From an action standpoint, Deadpool is an absolute blast. Director Tim Miller uses the relatively small budget ($58 million) to the fullest, providing exquisite sequences that are perfectly timed, extremely well-shot, and very memorable.  The opening action sequence is one of the best I’ve seen in a comic book film, and the climax is very entertaining, with a refreshingly spare use of CGI.  I don’t know how many practical effects are here,, but almost all the action looks like it’s really happening right in front of you, not some cheap CG trick.  Also, Deadpool talks to the audience (known as breaking the fourth wall), but Wade Wilson does not.  This was a welcome surprise for me, because I didn’t want someone talking to me during the entire movie, I wanted to watch a fun movie.  If I wanted someone to talk to me, I would go to a restaurant, not a movie theater.  The fourth-wall breaks work because they unexpectedly and never go on too long.  It’s an interesting technique that I look forward to seeing again in the sequel (and yes, a sequel has been greenlit).

The villain in this movie is very intimidating. Ed Skrein is perfectly cast, providing a memorable villain who you love to hate, but still see his point of view.  While Marvel villains in the Avenger’s movies have mostly been one-note, this one is scary, soulless, and downright evil.  He is a perfect foil to Wade because he is as serious as Wade is snarky.

The writing in this film is amazingly witty, sometimes reminiscent of a Buffy episode, but with a ton of F-bombs.  The film’s balance of raunchy comedy and character drama is perfect, keeping a suitably darkly comedic tone throughout the proceedings.  The actors are also completely devoted to their characters, making me feel like I’m watching real people (in an exaggerated sense).  This is more than a darkly comic action film.  It has real drama, palpable romance, and relatable characters that you actively care about.  That is very rare for an action film nowadays, and I was very happy to see it here.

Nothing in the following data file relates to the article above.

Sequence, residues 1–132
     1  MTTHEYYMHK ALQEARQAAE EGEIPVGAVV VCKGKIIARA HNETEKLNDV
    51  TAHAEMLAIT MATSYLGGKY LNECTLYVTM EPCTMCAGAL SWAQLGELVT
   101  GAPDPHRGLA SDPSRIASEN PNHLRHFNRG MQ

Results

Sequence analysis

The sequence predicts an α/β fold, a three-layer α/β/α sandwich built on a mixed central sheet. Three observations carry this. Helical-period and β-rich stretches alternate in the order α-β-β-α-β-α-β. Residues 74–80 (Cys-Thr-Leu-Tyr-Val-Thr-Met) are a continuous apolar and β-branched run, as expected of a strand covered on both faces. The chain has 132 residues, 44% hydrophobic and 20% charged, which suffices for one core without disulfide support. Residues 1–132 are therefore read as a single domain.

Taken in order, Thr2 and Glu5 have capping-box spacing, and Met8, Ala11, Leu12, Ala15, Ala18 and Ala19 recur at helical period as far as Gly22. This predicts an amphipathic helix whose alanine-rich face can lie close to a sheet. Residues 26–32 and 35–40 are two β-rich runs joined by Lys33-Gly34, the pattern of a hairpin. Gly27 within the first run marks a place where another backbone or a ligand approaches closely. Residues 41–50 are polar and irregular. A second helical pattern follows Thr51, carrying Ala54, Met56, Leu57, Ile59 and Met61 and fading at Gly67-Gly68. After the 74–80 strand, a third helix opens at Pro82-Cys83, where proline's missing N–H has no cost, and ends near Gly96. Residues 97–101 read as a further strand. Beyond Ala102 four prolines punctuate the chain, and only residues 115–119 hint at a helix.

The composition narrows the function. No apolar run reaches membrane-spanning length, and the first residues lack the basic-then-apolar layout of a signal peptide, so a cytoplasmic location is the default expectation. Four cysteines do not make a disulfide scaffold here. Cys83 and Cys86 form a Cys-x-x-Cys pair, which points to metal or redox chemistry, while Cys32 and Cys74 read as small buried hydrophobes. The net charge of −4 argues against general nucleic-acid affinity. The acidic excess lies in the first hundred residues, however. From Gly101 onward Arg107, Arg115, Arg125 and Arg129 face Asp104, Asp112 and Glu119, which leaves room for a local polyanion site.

The romance in this movie is extremely well-done.  As I said above, I want Wade and Vanessa to be together and feel Wade’s sadness and fear of rejection after his face is altered.  All men want to be loved by someone, and their biggest fear afterwards is losing it.  This is the best romance I’ve seen in a Marvel movie thus far, beating out the relationship between Tony Stark and Pepper Potts.

Deadpool is violent, extremely profane, and will not please everyone. If you don’t like the F-word or over-the-top violence then go elsewhere (help support the financially floundering Zoolander 2, maybe).  If you want a well-written, witty raunch-fest with bloody good action and a sweet romance plot, then Deadpool will be the perfect sword to slice with.

(Rightly) Rated R for Strong Violence and Language Throughout, Sexual Content, and (very) Graphic Nudity (I hope you think Ryan Reynolds is attractive, because you see him in full at various points throughout the film. I guess I can cross that off my cinematic bucket list).

Unexpectedly. Nuanced. Caper. Leads to. Entertainment

3 out of 5 stars (average)

The Man from U.N.C.L.E Poster
Image from http://www.impawards.com/

The Man From U.N.C.L.E had a lot going against it for me. It was an August action-comedy with two actors with mixed resumes and a trailer that looked like it could be either a funny romp or a generic bore that a studio released because they could.  However, my biggest worry was that the film was based on a TV show from the 60’s that I hadn’t heard of until I discovered the movie’s existence.  TV show adaptations often lead to very mixed results (See the Charlie’s Angels movies for proof) that feel like studio cash-grabs on an old property with current stars in the main roles.  Knowing this, I sat down in my theater, saw the title credits roll, and was greeted to a very fun, funny action romp that, while nowhere near a classic, will satisfy those looking for well-shot action and understated humor.

The plot is simple: In the 1960’s American spy Napoleon Solo (Man of Steel’s Henry Cavill having a jolly good time) and KGB agent Illya Kuryakin (Armie Hammer pulling off a great accent) must work together to find and destroy a nuclear warhead.  They will do this with the help of the intelligent Gaby (Alicia Vikander of Ex Machina providing what may be the summer’s best leading lady performance).  However, the trio (or at least the guys in it) must contend with the villainess Victoria (Elizabeth Debicki) on their mission to prevent nuclear disaster, as well as letting their own prejudices kill each other.